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The Star Online: Lifestyle: Bookshelf

Amok: An Anthology of Asia-Pacific Speculative Fiction

Posted: 19 May 2014 04:00 PM PDT

I APPROACHED Amok with curiosity, little anticipating the exhilarating ride that I had signed up for. It was simply amazing to dive into worlds that encompassed everything from warm childhood fairytales and an alternate yet strangely familiar present, to the distant terrifying future!

I found this collection of 24 short stories set in the Asia-Pacific region to be the most satisfying anthology I have read in years, and it will stay with me for a long time. Here's a brief rundown of tales that particularly caught my attention.

Three interesting stories address the unexplored power of memory, when human beings defy nature to remember, to forget, or to remember differently. Tabitha Sin's Dreams, for instance, looks into the possibility of recreating a happy memory differently. Can sorrow be buried beneath a different memory of the past? This highly emotional piece highlights a unique bond in danger of being shaken by reality.

In contrast, In Memoriam by Fadzlishah Johanabas looks ahead, to a desired future where you may choose to forget. There is a stark contrast between the tale's cold white setting and the main character's burst of emotions. The non-linear narration took some getting used to, but after some flipping back and forth, it became fun.

The third story involving memory is Bright Student where author Terence Toh introduces a potion that allows the main character to magnify her memory's capacity – in exchange for her shadow. Why do we need our shadows? And as someone who still has nightmares of sitting for examinations long after graduation, I can relate to the character's desperation and understand her actions, starting with her strange encounter at KL's Petaling Street.

Another trio that caught my attention are three Asian fairytales that unveil multiple facets of love among captivating characters. Kitsune by K.Z. Morano portrays the strong desire to hang on to love even at the cost of compromising the chance of a normal life. This haunting piece was inspired by Japanese folklore about the spirit of the fox.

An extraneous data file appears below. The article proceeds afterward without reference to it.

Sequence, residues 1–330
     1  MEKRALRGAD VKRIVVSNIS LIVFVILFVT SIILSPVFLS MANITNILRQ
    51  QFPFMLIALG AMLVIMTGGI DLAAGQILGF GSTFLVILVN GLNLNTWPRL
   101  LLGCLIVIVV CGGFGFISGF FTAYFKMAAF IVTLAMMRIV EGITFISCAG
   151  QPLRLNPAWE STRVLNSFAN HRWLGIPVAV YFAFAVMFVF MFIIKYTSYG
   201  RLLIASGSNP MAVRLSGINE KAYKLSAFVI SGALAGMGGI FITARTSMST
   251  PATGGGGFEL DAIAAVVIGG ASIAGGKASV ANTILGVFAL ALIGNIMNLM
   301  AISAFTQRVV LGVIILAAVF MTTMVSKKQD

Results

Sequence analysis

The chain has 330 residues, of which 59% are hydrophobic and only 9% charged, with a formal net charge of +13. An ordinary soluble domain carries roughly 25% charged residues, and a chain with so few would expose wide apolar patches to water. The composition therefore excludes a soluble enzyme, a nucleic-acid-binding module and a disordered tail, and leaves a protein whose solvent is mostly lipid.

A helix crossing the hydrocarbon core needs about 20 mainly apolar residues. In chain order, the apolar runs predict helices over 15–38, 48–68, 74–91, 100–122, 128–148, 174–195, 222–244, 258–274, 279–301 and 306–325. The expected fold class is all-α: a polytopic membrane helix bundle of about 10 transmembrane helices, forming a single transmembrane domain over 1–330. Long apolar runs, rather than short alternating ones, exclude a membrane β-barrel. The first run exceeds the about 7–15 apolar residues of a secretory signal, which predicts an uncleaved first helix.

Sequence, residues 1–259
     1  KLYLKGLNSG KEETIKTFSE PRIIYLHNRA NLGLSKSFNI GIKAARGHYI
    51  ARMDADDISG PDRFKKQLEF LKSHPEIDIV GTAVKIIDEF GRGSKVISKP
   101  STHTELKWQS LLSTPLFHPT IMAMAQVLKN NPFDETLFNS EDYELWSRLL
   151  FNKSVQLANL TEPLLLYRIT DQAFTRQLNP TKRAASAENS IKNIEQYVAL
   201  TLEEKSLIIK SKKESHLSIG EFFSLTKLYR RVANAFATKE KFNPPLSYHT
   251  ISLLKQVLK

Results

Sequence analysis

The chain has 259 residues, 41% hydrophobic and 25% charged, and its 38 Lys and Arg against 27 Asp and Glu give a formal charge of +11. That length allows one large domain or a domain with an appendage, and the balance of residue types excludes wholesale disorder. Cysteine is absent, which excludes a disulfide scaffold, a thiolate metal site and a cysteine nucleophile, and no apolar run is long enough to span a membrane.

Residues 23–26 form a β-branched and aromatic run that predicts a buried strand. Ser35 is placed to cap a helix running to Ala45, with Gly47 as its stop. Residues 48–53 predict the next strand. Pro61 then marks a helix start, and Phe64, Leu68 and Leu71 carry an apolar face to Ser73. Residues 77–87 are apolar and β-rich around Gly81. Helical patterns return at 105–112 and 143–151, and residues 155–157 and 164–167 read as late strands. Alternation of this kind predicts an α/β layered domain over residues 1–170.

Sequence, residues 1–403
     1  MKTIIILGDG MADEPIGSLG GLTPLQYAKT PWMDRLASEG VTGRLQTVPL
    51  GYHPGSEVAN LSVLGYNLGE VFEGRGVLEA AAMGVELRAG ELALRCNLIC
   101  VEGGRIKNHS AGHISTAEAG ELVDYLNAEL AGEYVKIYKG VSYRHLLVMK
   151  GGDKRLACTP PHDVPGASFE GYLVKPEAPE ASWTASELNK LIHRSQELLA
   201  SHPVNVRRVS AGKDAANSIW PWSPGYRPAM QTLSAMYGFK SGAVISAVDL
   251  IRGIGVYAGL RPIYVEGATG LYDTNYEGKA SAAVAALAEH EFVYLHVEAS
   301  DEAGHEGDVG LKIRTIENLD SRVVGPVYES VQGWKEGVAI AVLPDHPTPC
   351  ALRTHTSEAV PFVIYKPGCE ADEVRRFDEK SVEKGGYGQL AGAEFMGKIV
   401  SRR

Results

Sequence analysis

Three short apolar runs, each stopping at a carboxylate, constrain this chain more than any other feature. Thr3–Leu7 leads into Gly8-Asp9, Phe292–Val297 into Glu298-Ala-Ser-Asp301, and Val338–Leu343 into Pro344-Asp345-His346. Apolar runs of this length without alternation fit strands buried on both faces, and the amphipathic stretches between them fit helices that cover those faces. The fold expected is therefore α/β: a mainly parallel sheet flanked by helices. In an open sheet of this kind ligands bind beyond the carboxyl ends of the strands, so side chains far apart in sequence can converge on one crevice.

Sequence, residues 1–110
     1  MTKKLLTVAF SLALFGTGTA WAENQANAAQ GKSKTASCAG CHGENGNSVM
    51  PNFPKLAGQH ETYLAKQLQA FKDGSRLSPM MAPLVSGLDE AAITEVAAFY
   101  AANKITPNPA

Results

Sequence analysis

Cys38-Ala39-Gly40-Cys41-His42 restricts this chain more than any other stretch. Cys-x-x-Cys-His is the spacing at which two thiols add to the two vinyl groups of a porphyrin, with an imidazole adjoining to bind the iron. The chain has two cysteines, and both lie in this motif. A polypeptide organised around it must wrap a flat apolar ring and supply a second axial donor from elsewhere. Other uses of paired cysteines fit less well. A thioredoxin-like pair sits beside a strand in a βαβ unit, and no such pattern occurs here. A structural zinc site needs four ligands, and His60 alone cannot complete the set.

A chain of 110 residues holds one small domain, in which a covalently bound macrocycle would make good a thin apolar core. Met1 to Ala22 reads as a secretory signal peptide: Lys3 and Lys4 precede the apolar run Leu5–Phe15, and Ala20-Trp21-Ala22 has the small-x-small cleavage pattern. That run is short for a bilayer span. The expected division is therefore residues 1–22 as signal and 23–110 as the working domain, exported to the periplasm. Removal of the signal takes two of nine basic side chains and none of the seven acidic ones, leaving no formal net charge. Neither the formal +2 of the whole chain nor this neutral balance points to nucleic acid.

Lola by Shenoa Carroll-Bradd is a heartbreaking account of a girl's last day with her grandmother during the WWII Japanese occupation of the Philippines and how an encounter with a mythical creature leads to maturity and understanding. This one kept me thinking long after I finished reading.

In Moon Rabbit by Jo Wu, a character from Chinese mythology bravely leaps into modern times and attempts to fit in. It is simplicity and complexity rolled into one, and I could feel the loneliness, and then the contempt, of the moon rabbit.

I also liked these four stories set in post-apocalyptic worlds and futures. When The Rice Was Gone by Dominica Malcolm is set in a bleak South Korea where a last meal of bibimbab ("mixed rice", rice topped with vegetables and proteins) brightens up the day. I was intrigued by how slowly the writer revealed the unusual relationships between the three main characters.

In No Name Island by Kawika Guillermo, the habitat on a primitive island is destroyed when man plays God, and fear pushes a character to entrust a loved one to a stranger. It was uplifting to see how the native girl character matures and accepts her destiny, yet clings to her heritage also.

In And Then It Rained by Rebecca Freeman, a single woman and child strive to make a life for themselves in a barren, frightening world – and then a dashing stranger walks in, bringing hope with him. The main character's courage is admirable. And Operation Toba: 2049 by Kris Williamson addresses the beauty of second chances, and making tough decisions when the clock is racing. This is a fast and intense story of love and priorities.

I look forward to reading more works of fiction from all these writers, especially on a larger canvas.

Gretel and The Dark

Posted: 19 May 2014 04:00 PM PDT